Stella loves: The floating spa on board an elegant barge moored to the island for pure tranquillity.
Out and about: Windsor Castle and the surrounding bustling cobbled shopping streets are just five miles down the road. Even closer, in Bary itself, are a selection of some of the country's top restaurants, including Heston Blumenthal’s three Michelin-starred The Fat Duck and the equally feted Waterside Inn. On the estate, book in for a spot of beekeeping for a fascinating experience in nature.
How to do it: Nightly rates at Monkey Island Estate (0207 657 8200, monkeyislandestate.co.uk) start from £275, per room, per night in a Temple Room.
By Naomi Greenaway
De Vere Latimer Estate, Chesham, Bucks
Best for: bucolic English scenery
At the top of a long driveway, surrounded by pleasant green Buckinghamshire fields and woodland, there’s a certain romance to this manor house hotel. The estate itself dates back as far as 1194 AD and during WW2, it became a secret centre for military intelligence. Today, the sense of history is present both outside and in, where the décor nods to the past - old-fashioned typewriters in communal areas, packing cases, gramophones and the like. But there’s nothing fusty about it. The restaurant, with its central glass atrium, is large and airy, the chefs in the open kitchen dishing up modern classics: seabass fillets, pan-roasted duck breast, roast salmon with Champagne and caper cream sauce. Children are welcomed, with a kids’ menu and friendly staff. And if a walk along the adjacent River Chess doesn’t wear them out, there’s always the hotel pool.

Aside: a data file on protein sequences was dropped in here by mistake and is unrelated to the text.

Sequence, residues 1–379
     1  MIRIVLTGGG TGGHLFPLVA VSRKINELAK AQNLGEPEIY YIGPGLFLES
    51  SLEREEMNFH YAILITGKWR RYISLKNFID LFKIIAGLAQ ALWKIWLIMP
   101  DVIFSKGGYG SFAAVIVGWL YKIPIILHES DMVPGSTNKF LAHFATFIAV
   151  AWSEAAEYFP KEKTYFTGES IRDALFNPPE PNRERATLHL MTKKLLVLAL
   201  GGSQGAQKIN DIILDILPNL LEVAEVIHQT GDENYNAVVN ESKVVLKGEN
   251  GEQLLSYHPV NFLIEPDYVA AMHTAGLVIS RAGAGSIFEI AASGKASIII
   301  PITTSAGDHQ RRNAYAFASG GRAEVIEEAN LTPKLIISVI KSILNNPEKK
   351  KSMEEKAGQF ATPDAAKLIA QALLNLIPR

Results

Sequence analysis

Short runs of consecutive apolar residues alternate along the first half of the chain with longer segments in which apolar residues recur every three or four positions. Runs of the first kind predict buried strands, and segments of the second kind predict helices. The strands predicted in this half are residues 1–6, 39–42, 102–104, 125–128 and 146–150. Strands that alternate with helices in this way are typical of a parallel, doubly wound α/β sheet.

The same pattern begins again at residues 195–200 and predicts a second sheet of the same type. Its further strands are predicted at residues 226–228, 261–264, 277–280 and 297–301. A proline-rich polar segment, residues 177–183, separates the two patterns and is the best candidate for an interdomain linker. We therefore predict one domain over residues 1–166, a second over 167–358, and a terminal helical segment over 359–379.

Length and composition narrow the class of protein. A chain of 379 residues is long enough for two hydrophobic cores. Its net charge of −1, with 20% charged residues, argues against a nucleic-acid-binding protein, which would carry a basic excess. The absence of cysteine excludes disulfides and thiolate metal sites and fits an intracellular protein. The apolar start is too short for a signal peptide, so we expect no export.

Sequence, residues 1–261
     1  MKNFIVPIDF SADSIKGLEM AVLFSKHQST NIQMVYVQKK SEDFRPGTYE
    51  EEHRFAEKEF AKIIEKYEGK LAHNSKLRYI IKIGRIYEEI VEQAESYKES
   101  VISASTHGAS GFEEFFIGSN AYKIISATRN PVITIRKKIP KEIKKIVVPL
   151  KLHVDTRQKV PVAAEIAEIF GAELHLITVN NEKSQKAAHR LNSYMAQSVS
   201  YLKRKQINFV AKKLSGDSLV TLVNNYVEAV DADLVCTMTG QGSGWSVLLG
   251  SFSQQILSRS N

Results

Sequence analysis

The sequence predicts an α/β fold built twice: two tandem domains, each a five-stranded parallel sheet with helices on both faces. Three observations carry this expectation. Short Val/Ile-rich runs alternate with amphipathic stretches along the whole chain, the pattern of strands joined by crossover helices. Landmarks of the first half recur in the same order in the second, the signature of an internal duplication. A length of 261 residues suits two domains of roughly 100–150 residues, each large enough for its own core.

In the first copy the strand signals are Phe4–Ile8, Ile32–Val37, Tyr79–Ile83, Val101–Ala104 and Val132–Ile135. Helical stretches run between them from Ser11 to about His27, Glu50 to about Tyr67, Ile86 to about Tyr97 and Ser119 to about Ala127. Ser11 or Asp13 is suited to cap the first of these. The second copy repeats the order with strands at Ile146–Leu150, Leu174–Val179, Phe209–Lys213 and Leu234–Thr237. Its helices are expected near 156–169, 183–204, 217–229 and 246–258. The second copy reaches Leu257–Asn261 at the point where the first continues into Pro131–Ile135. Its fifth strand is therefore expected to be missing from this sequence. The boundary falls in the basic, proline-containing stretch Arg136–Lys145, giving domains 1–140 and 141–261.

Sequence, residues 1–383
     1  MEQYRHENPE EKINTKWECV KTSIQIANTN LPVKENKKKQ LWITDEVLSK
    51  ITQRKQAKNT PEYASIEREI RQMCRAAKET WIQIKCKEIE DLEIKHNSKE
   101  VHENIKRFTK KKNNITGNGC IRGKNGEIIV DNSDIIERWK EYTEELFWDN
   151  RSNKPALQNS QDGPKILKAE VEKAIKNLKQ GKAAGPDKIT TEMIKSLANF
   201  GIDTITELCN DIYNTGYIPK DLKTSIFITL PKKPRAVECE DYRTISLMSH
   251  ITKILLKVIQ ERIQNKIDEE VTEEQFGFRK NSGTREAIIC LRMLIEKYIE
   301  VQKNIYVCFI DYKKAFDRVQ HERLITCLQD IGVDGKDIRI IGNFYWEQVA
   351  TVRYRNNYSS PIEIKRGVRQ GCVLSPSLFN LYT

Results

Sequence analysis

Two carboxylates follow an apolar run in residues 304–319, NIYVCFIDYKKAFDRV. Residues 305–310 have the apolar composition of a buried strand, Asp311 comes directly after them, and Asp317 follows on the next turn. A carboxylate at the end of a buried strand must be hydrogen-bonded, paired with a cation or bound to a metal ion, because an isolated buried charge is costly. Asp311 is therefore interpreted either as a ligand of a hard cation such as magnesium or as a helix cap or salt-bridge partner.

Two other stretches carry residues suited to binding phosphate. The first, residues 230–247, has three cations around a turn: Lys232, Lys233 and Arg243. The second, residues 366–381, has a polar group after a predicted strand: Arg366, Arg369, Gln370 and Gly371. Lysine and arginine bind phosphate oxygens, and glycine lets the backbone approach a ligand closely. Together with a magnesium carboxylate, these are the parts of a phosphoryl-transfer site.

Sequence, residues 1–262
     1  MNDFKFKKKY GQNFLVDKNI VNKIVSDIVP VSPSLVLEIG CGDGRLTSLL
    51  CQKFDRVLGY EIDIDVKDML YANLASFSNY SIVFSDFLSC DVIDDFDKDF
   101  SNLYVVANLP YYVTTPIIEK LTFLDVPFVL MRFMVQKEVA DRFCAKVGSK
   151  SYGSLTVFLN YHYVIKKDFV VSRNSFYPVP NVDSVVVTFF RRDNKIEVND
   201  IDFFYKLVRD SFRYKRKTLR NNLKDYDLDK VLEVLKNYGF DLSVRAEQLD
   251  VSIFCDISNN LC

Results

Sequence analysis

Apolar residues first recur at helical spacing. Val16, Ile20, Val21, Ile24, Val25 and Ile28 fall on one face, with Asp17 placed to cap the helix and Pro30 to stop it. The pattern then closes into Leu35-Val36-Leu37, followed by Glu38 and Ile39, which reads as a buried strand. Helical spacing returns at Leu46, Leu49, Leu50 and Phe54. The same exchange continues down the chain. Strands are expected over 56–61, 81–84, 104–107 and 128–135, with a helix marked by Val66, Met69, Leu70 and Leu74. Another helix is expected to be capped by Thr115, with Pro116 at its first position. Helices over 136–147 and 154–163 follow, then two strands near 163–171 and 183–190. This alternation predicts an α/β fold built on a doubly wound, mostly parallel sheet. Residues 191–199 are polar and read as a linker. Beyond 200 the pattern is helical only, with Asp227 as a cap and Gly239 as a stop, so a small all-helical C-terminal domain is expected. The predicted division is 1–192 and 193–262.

Stella loves: The view from the bedroom window – bucolic English scenery at its best.
Out and about: Amersham Old Town (4 miles away) is a beguiling place to spend an afternoon, with its beautiful heritage buildings dating from 1450. Drop into the charming local history museum, (£4.50 per adult, children free) which charts its journey from medieval market town to Metroland. You can also step back in time at the fantastic Chiltern Open Air Museum (5 miles away, from £7.50 per adult and £6 per child aged 4-16), where historic buildings have been rebuilt, preserved and fitted out with period décor from a range of eras.
How to do it: Rooms at De Vere Latimer Estate (01494 412312, devere.co.uk/latimer-estate) start from £129 per night on a bed and breakfast basis.
By Rosa Silverman
Castle Hotel, Windsor, Berkshire
Best for: playing duchess for the day